‘Impossible’ Particle Adds a Piece to the Strong Force Puzzle

This spring, at a meeting of Syracuse University’s quark physics group, Ivan Polyakov announced that he had uncovered the fingerprints of a semi-mythical particle. “We said, ‘This is impossible. What mistake are you making?’” recalled Sheldon Stone, the group’s leader. Polyakov went away and double-checked his analysis of data from the Large Hadron Collider beauty […]

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You Can Measure This Fundamental Quantum Constant Using LEDs

(Often, physicists like to be cool. Most of the time, we use the Greek letter ν (it’s not v) for the frequency. It just looks more sophisticated to write it that way.) With this connection between wavelength and frequency, we get this modified energy equation: Illustration: Rhett Allain It turns out that it’s simpler to […]

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West Point Chemists Re-Create Medieval Gunpowder Recipes

Making gunpowder is a bit like cooking, except more explosive. Gunpowder makers in the 14th and 15th centuries used black powder brought to Europe from China, then mixed its three ingredients together one by one: saltpeter (also known as potassium nitrate), charcoal, and sulfur. But they also made some chef-like improvisations, including a splash of […]

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A Mathematician’s Guided Tour Through Higher Dimensions

Alternatively, just as we can unfold the faces of a cube into six squares, we can unfold the three-dimensional boundary of a tesseract to obtain eight cubes, as Salvador Dalí showcased in his 1954 painting Crucifixion (Corpus Hypercubus). We can envision a cube by unfolding its faces. Likewise, we can start to envision a tesseract […]

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Pigeons, Curves, and the Traveling Salesperson Problem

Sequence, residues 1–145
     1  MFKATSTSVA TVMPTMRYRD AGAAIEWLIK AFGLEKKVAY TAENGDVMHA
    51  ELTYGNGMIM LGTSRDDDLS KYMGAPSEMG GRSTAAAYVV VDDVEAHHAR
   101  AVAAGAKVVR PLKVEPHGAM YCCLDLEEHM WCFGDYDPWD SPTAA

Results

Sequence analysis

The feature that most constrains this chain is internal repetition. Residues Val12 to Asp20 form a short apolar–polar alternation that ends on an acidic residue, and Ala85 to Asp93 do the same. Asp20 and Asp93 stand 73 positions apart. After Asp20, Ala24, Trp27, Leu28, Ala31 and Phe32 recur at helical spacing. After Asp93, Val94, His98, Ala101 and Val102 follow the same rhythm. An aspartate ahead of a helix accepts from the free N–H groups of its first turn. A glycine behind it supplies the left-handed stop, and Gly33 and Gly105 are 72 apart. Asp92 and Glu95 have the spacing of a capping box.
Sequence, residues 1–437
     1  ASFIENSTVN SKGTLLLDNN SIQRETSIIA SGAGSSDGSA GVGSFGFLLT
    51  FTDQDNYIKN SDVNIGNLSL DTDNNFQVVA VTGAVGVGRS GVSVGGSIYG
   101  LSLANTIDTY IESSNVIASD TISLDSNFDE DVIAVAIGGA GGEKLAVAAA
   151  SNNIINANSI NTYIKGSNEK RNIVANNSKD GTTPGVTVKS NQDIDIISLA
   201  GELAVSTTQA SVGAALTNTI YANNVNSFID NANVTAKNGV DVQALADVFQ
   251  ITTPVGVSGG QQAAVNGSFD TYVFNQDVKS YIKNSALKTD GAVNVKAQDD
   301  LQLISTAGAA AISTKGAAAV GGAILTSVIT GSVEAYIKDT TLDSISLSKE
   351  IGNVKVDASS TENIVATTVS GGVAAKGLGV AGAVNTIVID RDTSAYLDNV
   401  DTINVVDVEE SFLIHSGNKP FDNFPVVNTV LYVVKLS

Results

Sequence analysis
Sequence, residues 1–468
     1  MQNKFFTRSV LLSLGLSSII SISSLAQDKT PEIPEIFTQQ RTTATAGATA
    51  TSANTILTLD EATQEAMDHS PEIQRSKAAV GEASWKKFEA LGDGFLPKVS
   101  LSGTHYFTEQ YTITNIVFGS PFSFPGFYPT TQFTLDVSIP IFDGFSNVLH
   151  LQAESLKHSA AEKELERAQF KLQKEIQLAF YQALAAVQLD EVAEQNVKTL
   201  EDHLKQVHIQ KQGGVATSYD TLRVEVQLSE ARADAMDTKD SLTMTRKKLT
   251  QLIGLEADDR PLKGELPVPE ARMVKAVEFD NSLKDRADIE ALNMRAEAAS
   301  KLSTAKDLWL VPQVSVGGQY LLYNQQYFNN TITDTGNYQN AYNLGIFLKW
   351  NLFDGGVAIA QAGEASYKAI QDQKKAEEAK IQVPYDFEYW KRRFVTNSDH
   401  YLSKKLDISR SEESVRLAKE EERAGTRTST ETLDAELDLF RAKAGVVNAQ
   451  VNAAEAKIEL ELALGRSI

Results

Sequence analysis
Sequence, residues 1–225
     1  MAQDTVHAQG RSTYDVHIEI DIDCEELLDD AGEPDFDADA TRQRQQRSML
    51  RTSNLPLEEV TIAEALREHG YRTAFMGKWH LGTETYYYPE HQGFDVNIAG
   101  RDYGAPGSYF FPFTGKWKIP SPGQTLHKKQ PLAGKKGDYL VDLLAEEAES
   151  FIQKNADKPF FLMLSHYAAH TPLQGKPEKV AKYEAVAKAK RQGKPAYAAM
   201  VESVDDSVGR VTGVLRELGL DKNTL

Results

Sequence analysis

In Mo Willems’ children’s book Don’t Let the Pigeon Drive the Bus!, the main character—a pigeon, obvs—uses every trick in the book (literally) to convince the reader that it should be allowed to drive a bus when the regular human driver suddenly has to leave. Willems’s book had an unintended scientific consequence in 2012, when […]

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Computer Scientists Find a Key Research Algorithm’s Limits

Many aspects of modern applied research rely on a crucial algorithm called gradient descent. This is a procedure generally used for finding the largest or smallest values of a particular mathematical function—a process known as optimizing the function. It can be used to calculate anything from the most profitable way to manufacture a product to […]

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Would the Free Guy Inflatable Bubble Protect a Real Person?

But it’s difficult to say for sure, since the NASA data is based on experimental evidence. And on top of that, every human is different, with different tolerances. The orientation of the body during the acceleration also matters. Humans are most tolerant to an acceleration in an orientation called “eyeballs in.” This would be the […]

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How Big Data Carried Graph Theory Into New Dimensions

Graph theory isn’t enough. The mathematical language for talking about connections, which usually depends on networks—vertices (dots) and edges (lines connecting them)—has been an invaluable way to model real-world phenomena since at least the 18th century. But a few decades ago, the emergence of giant data sets forced researchers to expand their toolboxes and, at […]

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Animals Can Count. How Far Does Their Number Sense Go?

One explanation for the same neural framework evolving in such different brains is simply that it’s an efficient solution to a common computational problem. “It’s actually exciting, because it suggests that it’s just the best way,” Avarguès-Weber said. Maybe there are physical or other internal constraints on how the brain can process zero and other […]

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How Did People Find the Fundamental Charge With Drops of Oil?

Right now, you can probably just ask your smartphone to tell you the charge of a single electron—the fundamental unit of charge. (It has a magnitude of 1.6 x 10–19 coulombs, the common unit for electric charge.) But in 1909, things weren’t so simple. Back then, physicists Robert Millikan and Harvey Fletcher figured it out […]

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